This is about the third part of the series New York Rehabilitation Project, An organization dedicated to providing equitable green space for New York residents.
The Aberdeen Street Community in Bushwick, Brooklyn, is working to provide a green space for community gardeners to build, respect the arts, and practice sustainable gardening.
A.D. Founded in 1989, the Aberdeen Street Community Garden has served as a temporary construction site for years. 2020 New York Rehabilitation Project (NYRP), with local charities Critical Brooklyn initiative And BK ROT It helped transform Central Brooklyn into a noisy community center.
The park features trails, greenhouses, fertilizer pools, outdoor solar grids, water supplies, and nine-member transit beds. In the center of the garden, a large tent contains picnic tables and benches for movie nights, live music, and youth theater performances.
The garden serves as a meeting place – an important goal set by the community members before the renovation begins. “We want to bring the creators here, the wisdom, the children,” said Alzana Bell, a member of the park’s organizers.
One of the volunteers holds the door, answers community questions, and leans toward the beds. Recruiting volunteers has never been a challenge, says Bell, who stumbled upon a garden and stumbled upon it. Neighbors often bring their children to the park next to the park, and they want to get involved.
He affirmed the importance of partnership with other local organizations for the operation of the garden. Because it helped in the renovation of the garden, BK ROT, A bicycle garbage and fertilizer service, has been a partner of Aberdeen Road Garden. Drivers collect food waste from businesses and individuals on a monthly basis, and transport it to fertilizer. The fertilizer It is sold as a gift by community members and is used in community gardens.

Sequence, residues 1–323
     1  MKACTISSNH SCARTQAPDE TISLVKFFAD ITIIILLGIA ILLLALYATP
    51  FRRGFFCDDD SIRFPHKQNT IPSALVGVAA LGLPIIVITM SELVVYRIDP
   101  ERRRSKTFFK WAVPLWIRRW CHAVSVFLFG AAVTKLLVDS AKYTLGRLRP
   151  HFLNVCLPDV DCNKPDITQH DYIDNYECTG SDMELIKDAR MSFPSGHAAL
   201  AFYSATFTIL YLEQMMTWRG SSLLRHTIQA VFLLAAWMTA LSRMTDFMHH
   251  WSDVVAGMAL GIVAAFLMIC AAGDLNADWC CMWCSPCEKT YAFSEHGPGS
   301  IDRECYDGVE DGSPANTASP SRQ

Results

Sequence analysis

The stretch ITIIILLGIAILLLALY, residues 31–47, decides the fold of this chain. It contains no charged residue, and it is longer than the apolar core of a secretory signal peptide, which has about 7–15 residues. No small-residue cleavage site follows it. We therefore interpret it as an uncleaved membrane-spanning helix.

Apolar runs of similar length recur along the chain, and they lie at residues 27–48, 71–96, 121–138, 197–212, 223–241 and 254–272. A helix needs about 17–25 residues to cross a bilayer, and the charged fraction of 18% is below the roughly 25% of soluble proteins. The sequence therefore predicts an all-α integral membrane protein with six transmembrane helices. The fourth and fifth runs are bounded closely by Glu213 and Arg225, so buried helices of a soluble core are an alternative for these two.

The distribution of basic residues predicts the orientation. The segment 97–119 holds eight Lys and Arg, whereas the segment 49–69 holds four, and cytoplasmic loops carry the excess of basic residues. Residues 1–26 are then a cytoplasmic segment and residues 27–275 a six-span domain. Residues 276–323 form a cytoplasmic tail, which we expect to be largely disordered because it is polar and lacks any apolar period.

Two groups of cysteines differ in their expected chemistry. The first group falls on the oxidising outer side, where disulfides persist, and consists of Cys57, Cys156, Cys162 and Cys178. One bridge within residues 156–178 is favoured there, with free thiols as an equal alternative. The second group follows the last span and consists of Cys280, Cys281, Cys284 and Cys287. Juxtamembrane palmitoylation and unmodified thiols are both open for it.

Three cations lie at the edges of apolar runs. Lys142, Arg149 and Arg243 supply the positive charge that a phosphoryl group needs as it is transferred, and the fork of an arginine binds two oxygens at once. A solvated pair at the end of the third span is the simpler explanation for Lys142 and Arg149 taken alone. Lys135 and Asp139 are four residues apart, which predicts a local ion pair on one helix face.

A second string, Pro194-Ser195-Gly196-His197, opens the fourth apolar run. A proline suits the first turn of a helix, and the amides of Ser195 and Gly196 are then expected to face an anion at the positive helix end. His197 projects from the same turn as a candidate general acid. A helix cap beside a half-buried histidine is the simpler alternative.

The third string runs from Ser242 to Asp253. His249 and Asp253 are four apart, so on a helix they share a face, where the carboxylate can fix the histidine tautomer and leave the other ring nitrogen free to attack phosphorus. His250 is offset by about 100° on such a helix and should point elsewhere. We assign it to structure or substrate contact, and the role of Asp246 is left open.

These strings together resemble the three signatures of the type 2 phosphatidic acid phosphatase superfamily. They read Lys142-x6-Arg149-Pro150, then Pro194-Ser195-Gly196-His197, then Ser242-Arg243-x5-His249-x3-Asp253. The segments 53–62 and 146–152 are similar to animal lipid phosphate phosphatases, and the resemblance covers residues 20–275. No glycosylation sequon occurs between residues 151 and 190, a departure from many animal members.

“We are very different from where our water comes from or where our waste comes from,” said Bessie Roet, executive director of BKT Root. “BK ROT is trying to show the energy and community of the animals and fungi involved in fertilizer.
“Communication building is one of the strengths of NewPR,” says participation co-ordinator John Craw. Since 1985, the gardener has taken over the Aberdeen Street Renovation Project. Today he helps gardeners organize themselves and connect with outside partners.
“I love seeing young people get involved,” Crow told Food Tank. Ongoing stewardship is about equity, food security and participation… Make sure gardens are open and accessible to everyone.
The members hope that many Central Brooklyn communities will explore and enjoy it as it grows in the garden. “This is a hidden gem,” says Bell to the food tank. We are learning as we go, and it is very rewarding.